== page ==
Five trends shaping the wellness industry in 2024 


Estimated at more than US$5.6 trillion in 2022, the global wellness industry has experienced significant post-pandemic growth, with consumers looking towards healthier lives. 

As the industry continues its upward trend – it’s predicted to reach US$8.5 trillion by 2027 – Livia Wang, founder and CEO of wellness company Access Corporate, predicts five trends will emerge this year. 

Trend 1: Personalised diets 

Wang believes the wellness industry is set to shift away from one-size-fits-all dietary recommendations to a more precise, personalised model of nutrition that tailors advice, products and services to an individual’s unique biological makeup, lifestyle and health goals. 

“Consumers walk into a supermarket and are met with more choices than they can process,” Wang says. “They feel they have been empowered to make a decision, but in fact, they may need someone to help make those decisions.” 

According to recent market research, the personalised nutrition sector is projected to reach $64 billion by 2040. Access Corporate Group is heavily invested in this space to unlock the science of personalised nutrition for men, women, and individuals and incorporate it into their daily lives at an affordable price.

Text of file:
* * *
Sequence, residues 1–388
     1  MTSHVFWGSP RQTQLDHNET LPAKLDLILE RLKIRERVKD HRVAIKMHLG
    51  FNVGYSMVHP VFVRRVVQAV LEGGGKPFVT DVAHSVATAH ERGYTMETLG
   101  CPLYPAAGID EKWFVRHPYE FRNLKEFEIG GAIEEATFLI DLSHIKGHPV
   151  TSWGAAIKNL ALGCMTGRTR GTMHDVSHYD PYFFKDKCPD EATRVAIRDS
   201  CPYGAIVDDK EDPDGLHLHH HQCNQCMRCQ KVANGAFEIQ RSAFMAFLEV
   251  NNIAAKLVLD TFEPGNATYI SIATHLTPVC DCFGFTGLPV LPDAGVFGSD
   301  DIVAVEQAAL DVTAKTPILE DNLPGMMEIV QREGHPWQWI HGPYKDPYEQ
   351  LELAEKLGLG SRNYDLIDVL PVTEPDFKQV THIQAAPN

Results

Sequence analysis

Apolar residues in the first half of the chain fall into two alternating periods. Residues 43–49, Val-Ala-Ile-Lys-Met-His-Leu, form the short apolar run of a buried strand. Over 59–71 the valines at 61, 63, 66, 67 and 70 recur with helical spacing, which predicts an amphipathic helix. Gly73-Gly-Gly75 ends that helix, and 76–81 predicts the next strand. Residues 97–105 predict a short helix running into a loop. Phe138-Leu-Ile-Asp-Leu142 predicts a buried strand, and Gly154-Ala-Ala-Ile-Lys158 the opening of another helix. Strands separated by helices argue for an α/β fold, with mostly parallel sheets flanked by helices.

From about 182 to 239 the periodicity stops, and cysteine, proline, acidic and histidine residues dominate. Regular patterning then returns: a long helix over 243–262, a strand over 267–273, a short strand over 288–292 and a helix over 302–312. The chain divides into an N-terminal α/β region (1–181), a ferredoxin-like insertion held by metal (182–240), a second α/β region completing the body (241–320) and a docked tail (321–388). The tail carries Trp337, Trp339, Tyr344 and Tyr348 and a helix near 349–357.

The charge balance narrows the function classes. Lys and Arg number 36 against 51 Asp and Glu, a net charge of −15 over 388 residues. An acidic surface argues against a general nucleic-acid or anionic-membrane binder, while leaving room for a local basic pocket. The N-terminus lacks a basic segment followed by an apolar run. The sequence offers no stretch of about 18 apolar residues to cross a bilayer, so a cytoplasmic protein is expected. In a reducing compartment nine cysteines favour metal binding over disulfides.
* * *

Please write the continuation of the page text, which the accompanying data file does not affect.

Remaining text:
“Using personalised nutrition, we can help you specifically achieve the goal you want to achieve,” Wang says. “It solves a big problem for consumers and is commercially viable.” 

Trend 2: The water revolution 

Recent studies and media coverage have shed light on the presence of microplastics in our drinking water and the deficiency of essential vitamins and minerals due to aggressive filtration methods like reverse osmosis. 

A 2024 study found bottled water contains up to 100 times more plastic nanoparticles than previously thought – and it could lead to issues around water quality and supply, Wang says. 

“If there is one decision we need to empower consumers to make, it’s what water to drink,” she says.

“You probably drink about 10 swimming pools of water in your life, but we don’t think about the quality. Why? Well, it’s dangerous to start thinking about it. Then, you might consider why water is in a plastic bottle or the minerals in your water. 

Wang’s vision is for a more sustainable and health-based water supply. She says that on a recent international trip, she met with several scientists who are reverse engineering the natural mineral profile of water from natural sources to remineralise water following filtration. They then restructure and re-oxygenate water through movement to restore its health profile. There is a goal to bring this to everyday consumers in 2025. 

Trend 3: Biohacking your longevity 

As more consumers embrace technology to optimise their health span and the field of longevity science advances, Wang believes biohacking longevity will take the industry by storm this year. 

Wang finds the emergence of DNA Age testing, which measures your biological age and your chronological age, particularly exciting, as it can help provide a comprehensive assessment of your aging process and help identify areas for targeted intervention. 

“You have two ages, and you can change one,” she says.